Who hasn’t gone through a time (especially in the summer months), when they were constantly hungry but never seemed to get satiated even after eating a full meal, snacks, etc. I can remember summers where I ate like a horse (had some sips of water throughout the day too!) and it felt like I couldn’t get full! Don’t even get me started on the consequences, a.k.a. “mystery pounds” that just seemed to show up on my stomach, thighs, and butt!
Needless to say, those were some less than happy summers, especially when you factor in me wanting to make sure I had my cuteness factor dialed up to ten, hahaha!
Fast forward to the present and bam! Mystery solved! It’s actually true! In simple terms, your brain can misinterpret thirst for hunger. But first, let’s get a clear definition of both thirst and hunger. In his article entitled “Hunger and Thirst: Issues in the measurement of predictions of eating and drinking”, Richard Dr. Mattes gives the following: “It is first necessary to provide operational definitions of hunger and thirst. Hunger describes those sensations that promote the attainment of minimal energy needs while thirst represents sensations that promote the attainment of minimal hydration needs. ” He also goes on to mention that making the distinction between the two is one that is often made more complex due to a number of factors that feed into the “sensation” of hunger and thirst, namely, individual variability, social behaviors, and physiological attributes, symptoms, etc.
Let’s not even add to that, the constant barrage of media campaigns designed to feed (no pun intedended) and tap into our feelings of nostalgia, comfort and insecurities. These “emotional” wells have psychological impacts are exploited by marketing campaigns for the sole purpose nudging the public into making particular food choices that are, in most instances, very poor nutritional options.
Unfortunately for a significant segment of society, one of the main consequences of this is the neat epidemic level of diabetes, heart disease and other diet related illnesses. Who would have thought that something as simple as making the distinction between thirst and hunger, could have such potentially, far reaching consequences?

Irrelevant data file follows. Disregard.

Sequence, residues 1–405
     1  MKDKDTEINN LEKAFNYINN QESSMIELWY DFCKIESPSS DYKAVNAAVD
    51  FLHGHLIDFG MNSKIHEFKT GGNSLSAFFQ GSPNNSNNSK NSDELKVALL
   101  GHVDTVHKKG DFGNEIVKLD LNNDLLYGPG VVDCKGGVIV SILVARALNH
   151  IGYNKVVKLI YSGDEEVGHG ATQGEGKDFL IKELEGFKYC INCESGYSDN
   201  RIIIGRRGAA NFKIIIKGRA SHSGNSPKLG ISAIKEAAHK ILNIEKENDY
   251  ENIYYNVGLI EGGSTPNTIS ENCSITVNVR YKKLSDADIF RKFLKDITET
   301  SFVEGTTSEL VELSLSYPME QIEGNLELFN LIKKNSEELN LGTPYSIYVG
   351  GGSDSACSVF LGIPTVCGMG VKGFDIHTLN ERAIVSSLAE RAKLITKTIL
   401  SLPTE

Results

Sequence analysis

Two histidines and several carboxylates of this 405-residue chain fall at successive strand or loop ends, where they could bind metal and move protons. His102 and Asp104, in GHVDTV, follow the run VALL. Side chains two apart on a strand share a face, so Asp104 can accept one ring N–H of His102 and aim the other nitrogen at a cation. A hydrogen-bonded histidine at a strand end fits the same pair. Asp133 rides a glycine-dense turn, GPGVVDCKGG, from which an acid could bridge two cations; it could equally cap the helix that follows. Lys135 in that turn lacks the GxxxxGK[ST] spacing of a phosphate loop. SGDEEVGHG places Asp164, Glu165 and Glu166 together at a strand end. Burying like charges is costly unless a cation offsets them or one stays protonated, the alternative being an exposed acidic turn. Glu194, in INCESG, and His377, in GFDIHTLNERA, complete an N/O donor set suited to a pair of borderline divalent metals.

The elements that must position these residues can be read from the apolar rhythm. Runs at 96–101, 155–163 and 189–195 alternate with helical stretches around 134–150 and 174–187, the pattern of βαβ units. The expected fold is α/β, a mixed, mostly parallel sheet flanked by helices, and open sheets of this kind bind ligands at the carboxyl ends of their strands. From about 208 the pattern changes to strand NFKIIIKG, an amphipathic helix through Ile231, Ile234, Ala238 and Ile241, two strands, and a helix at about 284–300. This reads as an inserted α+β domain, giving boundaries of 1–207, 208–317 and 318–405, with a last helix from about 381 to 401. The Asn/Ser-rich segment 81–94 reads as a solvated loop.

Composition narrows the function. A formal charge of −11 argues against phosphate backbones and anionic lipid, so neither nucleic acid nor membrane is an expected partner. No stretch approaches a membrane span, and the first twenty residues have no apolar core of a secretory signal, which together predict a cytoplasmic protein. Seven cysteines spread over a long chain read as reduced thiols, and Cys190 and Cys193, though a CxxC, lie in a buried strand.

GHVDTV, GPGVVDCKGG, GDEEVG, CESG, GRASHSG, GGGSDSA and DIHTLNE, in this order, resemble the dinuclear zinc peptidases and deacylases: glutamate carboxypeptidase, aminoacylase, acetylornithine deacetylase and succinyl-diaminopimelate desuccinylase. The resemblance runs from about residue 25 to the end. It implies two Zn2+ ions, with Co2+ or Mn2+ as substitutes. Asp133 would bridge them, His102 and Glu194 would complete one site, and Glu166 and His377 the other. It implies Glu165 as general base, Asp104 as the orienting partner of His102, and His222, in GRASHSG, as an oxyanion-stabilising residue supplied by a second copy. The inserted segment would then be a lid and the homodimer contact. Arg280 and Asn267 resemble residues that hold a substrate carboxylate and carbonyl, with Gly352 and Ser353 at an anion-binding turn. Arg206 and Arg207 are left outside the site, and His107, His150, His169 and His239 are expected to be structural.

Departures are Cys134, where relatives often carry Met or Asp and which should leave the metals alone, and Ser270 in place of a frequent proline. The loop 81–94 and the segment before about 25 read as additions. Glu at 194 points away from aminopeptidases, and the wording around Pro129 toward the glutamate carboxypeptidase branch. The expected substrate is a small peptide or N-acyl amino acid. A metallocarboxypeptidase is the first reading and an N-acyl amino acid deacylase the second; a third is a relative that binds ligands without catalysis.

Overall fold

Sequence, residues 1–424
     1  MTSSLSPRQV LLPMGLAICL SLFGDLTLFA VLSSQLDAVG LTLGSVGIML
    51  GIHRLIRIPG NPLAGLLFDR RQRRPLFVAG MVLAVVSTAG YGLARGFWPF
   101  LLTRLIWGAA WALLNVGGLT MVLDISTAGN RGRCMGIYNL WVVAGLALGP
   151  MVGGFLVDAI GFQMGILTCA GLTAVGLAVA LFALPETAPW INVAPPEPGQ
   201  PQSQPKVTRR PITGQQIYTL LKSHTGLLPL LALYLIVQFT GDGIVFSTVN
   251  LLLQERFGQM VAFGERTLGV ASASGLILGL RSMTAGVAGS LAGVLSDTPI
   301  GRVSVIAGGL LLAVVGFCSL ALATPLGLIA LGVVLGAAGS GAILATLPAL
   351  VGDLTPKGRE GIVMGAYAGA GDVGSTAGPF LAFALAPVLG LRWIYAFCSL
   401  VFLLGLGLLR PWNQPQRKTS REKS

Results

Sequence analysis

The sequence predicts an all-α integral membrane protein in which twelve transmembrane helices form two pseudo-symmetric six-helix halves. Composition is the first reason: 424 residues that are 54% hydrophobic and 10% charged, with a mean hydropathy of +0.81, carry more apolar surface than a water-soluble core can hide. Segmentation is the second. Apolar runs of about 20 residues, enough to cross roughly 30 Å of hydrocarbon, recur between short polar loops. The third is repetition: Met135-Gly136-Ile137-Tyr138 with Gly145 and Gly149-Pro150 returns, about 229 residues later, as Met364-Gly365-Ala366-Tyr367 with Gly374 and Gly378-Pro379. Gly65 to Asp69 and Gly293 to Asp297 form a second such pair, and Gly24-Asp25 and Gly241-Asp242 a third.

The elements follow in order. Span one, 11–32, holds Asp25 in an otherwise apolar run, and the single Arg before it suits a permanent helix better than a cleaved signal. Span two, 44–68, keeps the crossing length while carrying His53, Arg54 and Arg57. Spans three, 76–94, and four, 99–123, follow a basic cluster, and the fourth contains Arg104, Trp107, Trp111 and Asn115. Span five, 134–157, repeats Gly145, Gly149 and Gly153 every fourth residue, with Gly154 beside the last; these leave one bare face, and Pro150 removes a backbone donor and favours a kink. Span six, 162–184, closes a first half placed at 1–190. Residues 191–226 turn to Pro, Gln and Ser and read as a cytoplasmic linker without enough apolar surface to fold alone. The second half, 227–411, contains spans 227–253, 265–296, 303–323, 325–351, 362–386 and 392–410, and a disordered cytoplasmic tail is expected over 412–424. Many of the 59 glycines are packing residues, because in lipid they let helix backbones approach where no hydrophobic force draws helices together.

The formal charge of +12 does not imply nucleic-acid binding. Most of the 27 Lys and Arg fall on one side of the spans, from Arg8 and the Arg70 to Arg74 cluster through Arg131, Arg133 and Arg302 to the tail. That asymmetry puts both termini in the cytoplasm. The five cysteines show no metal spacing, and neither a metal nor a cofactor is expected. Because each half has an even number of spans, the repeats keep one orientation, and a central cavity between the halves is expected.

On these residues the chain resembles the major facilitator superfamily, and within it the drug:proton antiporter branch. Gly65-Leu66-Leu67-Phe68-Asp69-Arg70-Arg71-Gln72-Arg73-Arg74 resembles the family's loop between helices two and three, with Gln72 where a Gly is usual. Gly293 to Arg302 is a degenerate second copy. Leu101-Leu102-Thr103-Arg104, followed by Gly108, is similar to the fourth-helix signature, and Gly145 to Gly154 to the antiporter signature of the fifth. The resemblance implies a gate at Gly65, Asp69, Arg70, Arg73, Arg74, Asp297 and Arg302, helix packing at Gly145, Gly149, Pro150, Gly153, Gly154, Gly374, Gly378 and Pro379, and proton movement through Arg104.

I’m not saying that the, ability to make the distinction between hunger and thirst is the primary root cause or a strong enough association, with the occurences of diabetes and other diet related diseases and illnesses, but it does give one food for thought.
My take away from all of this? Before you fill your plate, why not try a glass or two of water and give your brain some time to catch up with your stomach?! The bottom line is that distracted eating is problematic and so is allowing your daily routine to become so busy and out of balance, that something so basic as nutrition and health become the losers in this equation.
Fast food masquerading as “quick” healthy alternatives to mindfully (a.k.a. foods that have no foreign additves, preservatives, etc) prepped are not beneficial to anyone in the long run.
Also, rushing through meals, not properly hydrating the body with water (rather than sodas, and drinks or beverages marketed as good substitutes for clean water), and choosing convenience over substance leads down a path that does not end well. Which brings me back to this whole issue of making the distinction between thirst and hunger; “mindless” or “distracted” eating can translate into, consuming more calories than what the body needs, snacking on empty calorie laden foods, and so forth.
Ultimately, balance is the center of it all. Good health is part and parcel of a healthy lifestyle in which self care (i.e. fitness, exercise, stress management, meditation, mindfully eating, etc ) is viewed as a necessity rather than optional.
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Mattes, Richard D. “Hunger and Thirst: Issues in measurement and prediction of eating and drinking.” Physiology & Behavior 100.1 (2010):22-32. Print
McKiernan F, Hollis JH, McCabe GP, Mattes RD. Thirst-drinking, hunger-eating; tight coupling? J AM Diet Assoc. 2009;109:486-90